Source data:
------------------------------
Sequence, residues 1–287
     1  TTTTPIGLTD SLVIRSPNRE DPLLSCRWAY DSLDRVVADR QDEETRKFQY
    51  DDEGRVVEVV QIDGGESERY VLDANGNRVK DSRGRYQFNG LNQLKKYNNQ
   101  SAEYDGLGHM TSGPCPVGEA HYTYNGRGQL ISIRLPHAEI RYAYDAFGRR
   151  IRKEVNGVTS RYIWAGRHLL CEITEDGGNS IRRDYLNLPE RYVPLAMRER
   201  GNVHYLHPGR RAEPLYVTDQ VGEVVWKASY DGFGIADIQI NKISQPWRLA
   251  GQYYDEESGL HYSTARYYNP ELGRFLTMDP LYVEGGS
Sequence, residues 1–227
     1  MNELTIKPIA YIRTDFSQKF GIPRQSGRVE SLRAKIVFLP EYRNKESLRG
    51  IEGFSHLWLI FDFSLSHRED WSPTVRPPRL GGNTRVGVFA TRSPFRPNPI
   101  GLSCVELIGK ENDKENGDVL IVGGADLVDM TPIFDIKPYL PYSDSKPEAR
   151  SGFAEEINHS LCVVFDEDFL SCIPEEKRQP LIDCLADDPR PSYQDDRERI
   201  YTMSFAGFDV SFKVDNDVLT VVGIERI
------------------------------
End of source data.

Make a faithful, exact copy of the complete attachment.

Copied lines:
Sequence, residues 1–287
     1  TTTTPIGLTD SLVIRSPNRE DPLLSCRWAY DSLDRVVADR QDEETRKFQY
    51  DDEGRVVEVV QIDGGESERY VLDANGNRVK DSRGRYQFNG LNQLKKYNNQ
   101  SAEYDGLGHM TSGPCPVGEA HYTYNGRGQL ISIRLPHAEI RYAYDAFGRR
   151  IRKEVNGVTS RYIWAGRHLL CEITEDGGNS IRRDYLNLPE RYVPLAMRER
   201  GNVHYLHPGR RAEPLYVTDQ VGEVVWKASY DGFGIADIQI NKISQPWRLA
   251  GQYYDEESGL HYSTARYYNP ELGRFLTMDP LYVEGGS
Sequence, residues 1–227
     1  MNELTIKPIA YIRTDFSQKF GIPRQSGRVE SLRAKIVFLP EYRNKESLRG
    51  IEGFSHLWLI FDFSLSHRED WSPTVRPPRL GGNTRVGVFA TRSPFRPNPI
   101  GLSCVELIGK ENDKENGDVL IVGGADLVDM TPIFDIKPYL PYSDSKPEAR
   151  SGFAEEINHS LCVVFDEDFL SCIPEEKRQP LIDCLADDPR PSYQDDRERI
   201  YTMSFAGFDV SFKVDNDVLT VVGIERI